Galleria Continua nasce nel 1990 a San Gimignano per iniziativa di Mario Cristiani, Lorenzo Fiaschi e Maurizio Rigillo e trova sede negli spazi di un ex cinema, lontano dalle grandi città e dalle metropoli moderne, nel borgo senza tempo di San Gimignano, immerso nella storia.

Conosciuti internazionalmente per il carattere spesso destabilizzante e provocatorio delle loro opere e per l’uso di materiali singolari, Sun Yuan & Peng Yu hanno iniziato a collaborare in coppia dalla fine degli anni ’90. Il loro lavoro è incentrato sulla costante conferma del paradosso, sulla ricerca perpetua della dualità tra il bianco e il nero, tra realtà e menzogna, tra manifesto e celato. Le loro opere sono la dimostrazione di una costante analisi della vita attraverso l’esperienza a cui spesso anche il pubblico è invitato a partecipare nella volontà di trovare l’essenza e la sostanza che si nasconde dietro l’apparenza.

Le opere selezionate per l’esposizione al The St. Regis Rome sono tre: Teenager Teenager (2011); I didn’t notice what I am doing (2012) e If I Died (2013). Ad accogliere gli ospiti all’ingresso dell’hotel, I didn’t notice what I am doing, dove un rinoceronte e un triceratopo in vetroresina sono messi a confronto: lo spettatore stabilisce automaticamente connessioni e somiglianze tra i due animali che invece non hanno nessuna attinenza con la realtà né alcuna pertinenza scientifica. Al centro della lobby troneggia la scenografica If I Died, una figura umana – che ritrae la madre di Peng Yu – che, con gli occhi socchiusi e aria sognante, fluttua insieme a decine di animali a rappresentare come la donna immagini se stessa in una vita dopo la morte. Muovendosi verso gli spazi del LUMEN Cocktails & Cuisine, il visitatore è invitato a una riflessione sui limiti della comunicazione, sui conflitti generazionali ma anche sulla possibilità di cambiare e di proteggere ciò che abbiamo: in Teenager, Teenager si trovano, adagiati su divani in pelle, una serie di figure ben vestite con un ingombrante masso sulla testa che impedisce loro ogni tipo di visione.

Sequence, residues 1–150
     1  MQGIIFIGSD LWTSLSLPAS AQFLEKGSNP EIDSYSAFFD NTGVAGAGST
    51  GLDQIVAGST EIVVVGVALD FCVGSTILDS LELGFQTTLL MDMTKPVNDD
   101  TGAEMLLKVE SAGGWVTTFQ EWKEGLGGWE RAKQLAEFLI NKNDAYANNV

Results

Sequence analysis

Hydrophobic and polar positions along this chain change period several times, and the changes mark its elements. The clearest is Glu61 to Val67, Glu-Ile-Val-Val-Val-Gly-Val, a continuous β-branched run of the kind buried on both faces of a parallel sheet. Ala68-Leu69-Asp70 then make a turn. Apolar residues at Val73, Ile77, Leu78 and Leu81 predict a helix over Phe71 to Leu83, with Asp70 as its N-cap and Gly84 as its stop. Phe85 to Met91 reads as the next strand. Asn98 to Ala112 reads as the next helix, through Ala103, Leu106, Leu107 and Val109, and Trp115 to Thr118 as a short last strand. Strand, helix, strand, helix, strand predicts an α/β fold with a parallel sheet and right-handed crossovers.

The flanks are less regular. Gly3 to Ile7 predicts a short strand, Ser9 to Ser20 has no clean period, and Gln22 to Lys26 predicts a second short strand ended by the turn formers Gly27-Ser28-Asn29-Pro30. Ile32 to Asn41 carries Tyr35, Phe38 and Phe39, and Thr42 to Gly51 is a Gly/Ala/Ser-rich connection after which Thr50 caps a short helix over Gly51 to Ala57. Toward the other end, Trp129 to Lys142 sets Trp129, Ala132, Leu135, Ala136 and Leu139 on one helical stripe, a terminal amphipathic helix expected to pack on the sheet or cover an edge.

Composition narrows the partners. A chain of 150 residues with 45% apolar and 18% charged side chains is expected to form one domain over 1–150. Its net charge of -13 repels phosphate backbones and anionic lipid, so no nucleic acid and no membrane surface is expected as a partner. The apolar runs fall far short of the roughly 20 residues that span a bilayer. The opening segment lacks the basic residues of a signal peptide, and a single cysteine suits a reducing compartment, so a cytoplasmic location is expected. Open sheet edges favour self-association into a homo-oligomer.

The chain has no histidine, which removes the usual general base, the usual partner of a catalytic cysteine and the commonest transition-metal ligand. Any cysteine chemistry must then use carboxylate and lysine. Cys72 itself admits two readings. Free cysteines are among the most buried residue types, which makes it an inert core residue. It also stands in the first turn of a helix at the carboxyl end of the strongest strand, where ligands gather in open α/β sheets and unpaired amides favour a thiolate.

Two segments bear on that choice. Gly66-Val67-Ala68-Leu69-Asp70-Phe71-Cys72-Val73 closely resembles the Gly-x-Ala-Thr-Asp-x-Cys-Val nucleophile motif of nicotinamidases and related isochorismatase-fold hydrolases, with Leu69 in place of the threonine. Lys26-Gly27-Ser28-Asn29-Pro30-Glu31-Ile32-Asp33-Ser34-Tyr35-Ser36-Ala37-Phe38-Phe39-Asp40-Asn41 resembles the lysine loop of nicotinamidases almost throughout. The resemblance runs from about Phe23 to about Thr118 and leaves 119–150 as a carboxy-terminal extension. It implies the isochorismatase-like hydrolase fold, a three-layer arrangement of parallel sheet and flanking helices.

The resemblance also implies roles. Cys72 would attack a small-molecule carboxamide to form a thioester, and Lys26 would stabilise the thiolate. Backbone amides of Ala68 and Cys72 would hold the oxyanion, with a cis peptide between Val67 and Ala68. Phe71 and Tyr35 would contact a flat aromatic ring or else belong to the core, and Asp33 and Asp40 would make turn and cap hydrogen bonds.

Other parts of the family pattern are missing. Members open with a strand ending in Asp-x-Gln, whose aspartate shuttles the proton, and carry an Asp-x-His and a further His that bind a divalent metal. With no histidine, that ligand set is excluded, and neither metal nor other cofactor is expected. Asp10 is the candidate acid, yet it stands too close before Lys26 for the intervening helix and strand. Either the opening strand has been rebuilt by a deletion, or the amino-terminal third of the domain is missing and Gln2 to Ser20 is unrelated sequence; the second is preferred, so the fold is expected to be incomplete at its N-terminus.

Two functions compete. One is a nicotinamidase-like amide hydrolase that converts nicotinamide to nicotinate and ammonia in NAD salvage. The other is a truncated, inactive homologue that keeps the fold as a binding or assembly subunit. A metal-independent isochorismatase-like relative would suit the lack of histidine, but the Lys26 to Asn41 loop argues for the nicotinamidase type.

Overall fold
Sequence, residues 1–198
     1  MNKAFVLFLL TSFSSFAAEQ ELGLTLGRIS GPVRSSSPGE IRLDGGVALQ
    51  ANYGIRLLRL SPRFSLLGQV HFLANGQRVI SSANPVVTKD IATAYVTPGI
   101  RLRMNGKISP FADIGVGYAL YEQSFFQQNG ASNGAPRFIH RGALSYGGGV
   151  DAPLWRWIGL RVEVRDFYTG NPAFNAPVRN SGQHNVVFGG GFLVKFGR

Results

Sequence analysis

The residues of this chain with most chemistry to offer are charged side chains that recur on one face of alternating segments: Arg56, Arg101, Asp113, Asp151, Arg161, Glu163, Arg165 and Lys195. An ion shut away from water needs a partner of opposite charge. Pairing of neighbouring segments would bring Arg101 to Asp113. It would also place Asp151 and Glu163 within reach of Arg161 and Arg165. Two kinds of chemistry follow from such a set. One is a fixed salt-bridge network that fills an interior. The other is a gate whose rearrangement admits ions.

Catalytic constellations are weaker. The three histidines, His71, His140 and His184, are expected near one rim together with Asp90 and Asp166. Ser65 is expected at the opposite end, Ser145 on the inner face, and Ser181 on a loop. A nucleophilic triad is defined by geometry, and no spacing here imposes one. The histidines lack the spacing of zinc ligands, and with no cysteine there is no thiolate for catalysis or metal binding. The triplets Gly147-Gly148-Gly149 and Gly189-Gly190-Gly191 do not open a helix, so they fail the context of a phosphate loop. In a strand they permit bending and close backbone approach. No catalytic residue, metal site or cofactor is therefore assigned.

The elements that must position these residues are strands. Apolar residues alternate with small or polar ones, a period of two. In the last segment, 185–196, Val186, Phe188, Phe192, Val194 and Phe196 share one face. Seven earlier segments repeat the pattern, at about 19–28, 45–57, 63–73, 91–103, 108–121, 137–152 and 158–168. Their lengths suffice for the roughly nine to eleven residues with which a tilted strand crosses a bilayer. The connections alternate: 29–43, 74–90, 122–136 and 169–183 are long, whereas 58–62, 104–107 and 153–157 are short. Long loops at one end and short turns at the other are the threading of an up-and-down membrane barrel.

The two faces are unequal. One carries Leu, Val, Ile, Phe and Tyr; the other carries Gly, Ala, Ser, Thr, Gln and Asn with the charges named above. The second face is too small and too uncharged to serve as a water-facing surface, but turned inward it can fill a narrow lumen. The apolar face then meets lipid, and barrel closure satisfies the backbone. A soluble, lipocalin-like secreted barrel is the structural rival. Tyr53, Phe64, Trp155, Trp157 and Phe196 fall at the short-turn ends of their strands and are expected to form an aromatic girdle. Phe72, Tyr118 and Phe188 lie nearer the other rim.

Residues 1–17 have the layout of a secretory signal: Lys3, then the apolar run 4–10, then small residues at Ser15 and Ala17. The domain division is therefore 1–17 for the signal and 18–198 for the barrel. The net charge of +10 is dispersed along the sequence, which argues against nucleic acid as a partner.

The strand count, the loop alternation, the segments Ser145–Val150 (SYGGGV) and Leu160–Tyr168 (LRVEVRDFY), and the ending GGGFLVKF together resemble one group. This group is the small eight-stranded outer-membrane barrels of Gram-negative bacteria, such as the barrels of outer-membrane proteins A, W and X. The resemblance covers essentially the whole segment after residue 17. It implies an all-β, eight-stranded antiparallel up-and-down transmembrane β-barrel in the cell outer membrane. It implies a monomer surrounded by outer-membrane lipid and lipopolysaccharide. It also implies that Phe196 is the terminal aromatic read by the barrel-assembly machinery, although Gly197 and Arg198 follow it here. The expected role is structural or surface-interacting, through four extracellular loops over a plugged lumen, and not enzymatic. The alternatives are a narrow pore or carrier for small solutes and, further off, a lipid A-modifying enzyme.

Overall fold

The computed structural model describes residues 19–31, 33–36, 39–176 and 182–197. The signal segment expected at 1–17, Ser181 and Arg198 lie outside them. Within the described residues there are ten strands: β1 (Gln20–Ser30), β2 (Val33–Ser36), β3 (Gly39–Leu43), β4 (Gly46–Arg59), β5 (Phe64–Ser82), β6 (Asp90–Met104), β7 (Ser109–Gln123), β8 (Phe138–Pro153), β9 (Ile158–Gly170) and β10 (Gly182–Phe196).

Le opere, che rimarranno esposte fino al 26 aprile prossimo, sono un vero e proprio invito all’interazione con l’arte per gli ospiti, i viaggiatori globali e i cittadini romani: The St. Regis Rome si    riconferma così promotore di un rapporto di apertura verso il mondo dell’arte contemporanea, con la volontà di creare una sinergia tra amanti del bello, ispirare i visitatori e stimolare il dialogo con l’hotel.

Per maggiori informazioni su The St. Regis Rome potete visitare www.stregisrome.com Per maggiori informazioni su Galleria Continua potete visitare www.galleriacontinua.com